Patenting Immaculate Conception?
The International Stem Cell Corporation (ISCC) is seeking patents in Europe for a technology that produces stem cell lines from the parthenogenetic activation of an unfertilized ovum. The time has come to address whether such patents controvert “ordre public,” or morality – and only the public can decide that.
HAARLEM – In 1899, the German-American scientist Jacques Loeb engineered the asexual reproduction of sea urchins through artificial parthenogenesis (the manipulation of egg cells to enable embryonic development without fertilization). His speculation about complete parthenogenesis in mammals – not to mention his use of the term “immaculate conception” to describe the process – prompted public concern about whether scientists should be “playing God.”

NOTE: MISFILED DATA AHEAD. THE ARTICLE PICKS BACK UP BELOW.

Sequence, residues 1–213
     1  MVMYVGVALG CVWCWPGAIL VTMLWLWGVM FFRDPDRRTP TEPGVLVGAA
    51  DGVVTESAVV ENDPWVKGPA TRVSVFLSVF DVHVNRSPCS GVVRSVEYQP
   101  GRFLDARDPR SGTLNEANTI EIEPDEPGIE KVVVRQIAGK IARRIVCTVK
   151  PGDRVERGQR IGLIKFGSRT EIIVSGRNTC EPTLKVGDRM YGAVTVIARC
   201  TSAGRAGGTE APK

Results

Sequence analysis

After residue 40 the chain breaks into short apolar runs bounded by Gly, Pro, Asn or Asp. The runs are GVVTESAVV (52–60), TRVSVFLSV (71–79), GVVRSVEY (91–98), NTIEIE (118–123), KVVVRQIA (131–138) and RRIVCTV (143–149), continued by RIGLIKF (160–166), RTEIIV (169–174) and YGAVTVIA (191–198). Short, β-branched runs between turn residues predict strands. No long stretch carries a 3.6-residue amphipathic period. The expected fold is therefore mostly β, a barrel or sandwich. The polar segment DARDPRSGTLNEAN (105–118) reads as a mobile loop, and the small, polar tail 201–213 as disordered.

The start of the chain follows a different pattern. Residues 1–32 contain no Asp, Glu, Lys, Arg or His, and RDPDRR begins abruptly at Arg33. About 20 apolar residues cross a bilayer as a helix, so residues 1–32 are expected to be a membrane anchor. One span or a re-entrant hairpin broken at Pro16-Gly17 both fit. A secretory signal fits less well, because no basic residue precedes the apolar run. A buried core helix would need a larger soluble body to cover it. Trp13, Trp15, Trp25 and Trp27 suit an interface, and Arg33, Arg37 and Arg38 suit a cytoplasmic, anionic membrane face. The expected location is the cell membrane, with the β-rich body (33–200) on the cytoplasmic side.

With the International Stem Cell Corporation (ISCC) seeking patents in Europe for a technology that produces stem cell lines from the parthenogenetic activation of an unfertilized ovum, the time has come to answer that question. The question is how.
Problems with the patenting of parthenogenetically activated cells are nothing new. Such cells resemble human embryos, which, under European Union patent law, cannot be patented. Following a ruling by the European Court of Justice (ECJ) in 2011 that those cells constitute human embryos, patent applications for parthenogenetic cells in the United Kingdom and other countries have been delayed and even rejected. (The ISCC does hold patents for its stem cells in the United States.)